Assessing the Pedestrian Wind Environment: The Role of Urban Morphology
The evaluation of the urban wind environment has been receiving increasing attention as it has been associated with issues related to the quality of the urban climate, such as heat island intensity and air pollution, affecting health and wellbeing in large metropolitan areas. Focusing on the context of London, the purpose of this study was to identify the building geometrical and morphological characteristics that affect the pedestrian level wind environment and to evaluate their impact. For that purpose, more than 40 urban areas which demonstrate a variety of building configurations and typologies were examined through CFD simulations for statistically safe and accurate results to be extracted. The influence of the contextual parameters such as the wind climatic data, the landscape as well as the implementation of the wind criteria for comfort and safety was also assessed.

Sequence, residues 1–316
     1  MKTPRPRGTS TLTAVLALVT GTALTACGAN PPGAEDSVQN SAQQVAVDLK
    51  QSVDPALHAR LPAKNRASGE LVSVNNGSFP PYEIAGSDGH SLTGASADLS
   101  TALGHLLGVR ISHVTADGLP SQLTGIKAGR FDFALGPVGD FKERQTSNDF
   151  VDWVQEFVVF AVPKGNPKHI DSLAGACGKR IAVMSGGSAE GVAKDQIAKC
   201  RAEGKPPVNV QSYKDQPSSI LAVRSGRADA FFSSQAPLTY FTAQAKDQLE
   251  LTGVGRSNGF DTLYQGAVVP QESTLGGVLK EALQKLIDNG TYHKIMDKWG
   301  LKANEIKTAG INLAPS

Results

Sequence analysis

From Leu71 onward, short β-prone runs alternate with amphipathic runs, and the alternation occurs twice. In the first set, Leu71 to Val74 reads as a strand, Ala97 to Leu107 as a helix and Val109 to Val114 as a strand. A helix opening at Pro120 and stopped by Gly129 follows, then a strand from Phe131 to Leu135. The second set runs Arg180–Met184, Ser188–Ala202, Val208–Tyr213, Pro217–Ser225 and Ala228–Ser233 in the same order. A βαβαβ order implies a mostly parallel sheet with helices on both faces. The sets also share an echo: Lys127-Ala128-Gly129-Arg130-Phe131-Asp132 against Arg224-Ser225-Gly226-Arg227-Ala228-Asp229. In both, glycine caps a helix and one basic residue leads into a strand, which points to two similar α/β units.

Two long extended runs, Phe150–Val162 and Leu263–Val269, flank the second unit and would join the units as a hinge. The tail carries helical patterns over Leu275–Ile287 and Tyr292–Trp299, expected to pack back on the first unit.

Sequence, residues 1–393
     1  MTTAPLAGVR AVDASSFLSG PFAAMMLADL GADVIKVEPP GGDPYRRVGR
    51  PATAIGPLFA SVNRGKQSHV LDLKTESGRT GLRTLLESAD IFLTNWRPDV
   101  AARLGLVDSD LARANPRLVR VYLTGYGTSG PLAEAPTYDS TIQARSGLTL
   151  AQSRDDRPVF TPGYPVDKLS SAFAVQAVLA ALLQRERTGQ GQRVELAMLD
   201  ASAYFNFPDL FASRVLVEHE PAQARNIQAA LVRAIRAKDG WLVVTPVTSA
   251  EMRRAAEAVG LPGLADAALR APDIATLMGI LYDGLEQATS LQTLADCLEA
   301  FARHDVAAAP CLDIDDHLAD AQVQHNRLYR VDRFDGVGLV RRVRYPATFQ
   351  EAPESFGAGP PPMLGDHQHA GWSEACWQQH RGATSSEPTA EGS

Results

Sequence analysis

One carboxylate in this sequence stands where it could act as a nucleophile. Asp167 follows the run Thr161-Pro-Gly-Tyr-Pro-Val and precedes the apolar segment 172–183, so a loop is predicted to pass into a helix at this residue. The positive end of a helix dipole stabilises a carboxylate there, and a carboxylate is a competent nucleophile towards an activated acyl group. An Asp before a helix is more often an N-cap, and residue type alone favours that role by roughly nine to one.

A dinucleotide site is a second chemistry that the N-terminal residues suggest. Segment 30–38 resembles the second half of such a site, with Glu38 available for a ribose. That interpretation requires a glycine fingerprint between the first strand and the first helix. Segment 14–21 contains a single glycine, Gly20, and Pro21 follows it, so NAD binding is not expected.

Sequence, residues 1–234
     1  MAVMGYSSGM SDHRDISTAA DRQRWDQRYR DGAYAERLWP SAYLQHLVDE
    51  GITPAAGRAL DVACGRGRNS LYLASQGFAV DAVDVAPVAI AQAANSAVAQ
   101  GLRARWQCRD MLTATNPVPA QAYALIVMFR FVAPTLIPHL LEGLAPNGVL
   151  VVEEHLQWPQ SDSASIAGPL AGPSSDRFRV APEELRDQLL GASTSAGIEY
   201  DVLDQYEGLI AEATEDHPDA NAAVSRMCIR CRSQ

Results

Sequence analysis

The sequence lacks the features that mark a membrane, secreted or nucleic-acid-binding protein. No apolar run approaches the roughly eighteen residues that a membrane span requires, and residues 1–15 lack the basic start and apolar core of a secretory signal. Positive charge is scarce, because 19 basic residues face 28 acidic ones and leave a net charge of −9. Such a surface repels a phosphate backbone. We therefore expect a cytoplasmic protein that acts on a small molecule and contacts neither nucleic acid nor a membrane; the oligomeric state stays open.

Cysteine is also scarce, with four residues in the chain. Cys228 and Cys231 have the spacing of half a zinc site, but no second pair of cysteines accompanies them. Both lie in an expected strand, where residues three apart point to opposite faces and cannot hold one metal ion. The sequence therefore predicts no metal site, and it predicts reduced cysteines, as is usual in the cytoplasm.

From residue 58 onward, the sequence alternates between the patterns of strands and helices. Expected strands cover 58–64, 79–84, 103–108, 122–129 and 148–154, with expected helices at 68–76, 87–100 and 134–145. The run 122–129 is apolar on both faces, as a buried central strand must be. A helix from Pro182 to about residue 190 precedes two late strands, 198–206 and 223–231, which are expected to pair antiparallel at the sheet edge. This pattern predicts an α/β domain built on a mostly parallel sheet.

Using the findings of this study, architects and urban planners can have an indication about the current pedestrian level wind conditions at the site of their interest. Moreover, they can also predict the impact of their design on the pedestrian level wind conditions of the area around the new building or development. As a result, they will be able to adjust their design decisions from the early stages of the design, addressing any major problems that may arise. This will be particularly helpful for large buildings and major developments which may have a significant impact on the pedestrian level wind conditions, especially at the less dense parts of a city. As a result, the findings of this study can reduce the time necessary for wind studies as well as for the planning approvals and the completion of the projects, being beneficial for the stakeholders involved.